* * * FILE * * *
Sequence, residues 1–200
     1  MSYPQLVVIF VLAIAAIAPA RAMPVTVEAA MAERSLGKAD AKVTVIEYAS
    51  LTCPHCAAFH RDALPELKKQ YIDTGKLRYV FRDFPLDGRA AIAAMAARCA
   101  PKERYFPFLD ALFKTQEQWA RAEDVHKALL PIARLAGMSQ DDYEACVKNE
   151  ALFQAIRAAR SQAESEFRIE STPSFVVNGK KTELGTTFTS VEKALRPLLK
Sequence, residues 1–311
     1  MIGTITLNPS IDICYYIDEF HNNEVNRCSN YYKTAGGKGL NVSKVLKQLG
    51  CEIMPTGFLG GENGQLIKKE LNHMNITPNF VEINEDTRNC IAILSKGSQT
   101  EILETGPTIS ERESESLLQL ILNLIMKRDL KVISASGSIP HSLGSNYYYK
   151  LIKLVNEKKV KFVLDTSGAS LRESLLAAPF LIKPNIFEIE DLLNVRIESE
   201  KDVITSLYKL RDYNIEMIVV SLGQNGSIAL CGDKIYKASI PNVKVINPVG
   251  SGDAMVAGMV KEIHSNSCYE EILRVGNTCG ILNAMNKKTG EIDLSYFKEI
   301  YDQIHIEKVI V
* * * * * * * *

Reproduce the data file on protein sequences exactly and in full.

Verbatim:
Sequence, residues 1–200
     1  MSYPQLVVIF VLAIAAIAPA RAMPVTVEAA MAERSLGKAD AKVTVIEYAS
    51  LTCPHCAAFH RDALPELKKQ YIDTGKLRYV FRDFPLDGRA AIAAMAARCA
   101  PKERYFPFLD ALFKTQEQWA RAEDVHKALL PIARLAGMSQ DDYEACVKNE
   151  ALFQAIRAAR SQAESEFRIE STPSFVVNGK KTELGTTFTS VEKALRPLLK
Sequence, residues 1–311
     1  MIGTITLNPS IDICYYIDEF HNNEVNRCSN YYKTAGGKGL NVSKVLKQLG
    51  CEIMPTGFLG GENGQLIKKE LNHMNITPNF VEINEDTRNC IAILSKGSQT
   101  EILETGPTIS ERESESLLQL ILNLIMKRDL KVISASGSIP HSLGSNYYYK
   151  LIKLVNEKKV KFVLDTSGAS LRESLLAAPF LIKPNIFEIE DLLNVRIESE
   201  KDVITSLYKL RDYNIEMIVV SLGQNGSIAL CGDKIYKASI PNVKVINPVG
   251  SGDAMVAGMV KEIHSNSCYE EILRVGNTCG ILNAMNKKTG EIDLSYFKEI
   301  YDQIHIEKVI V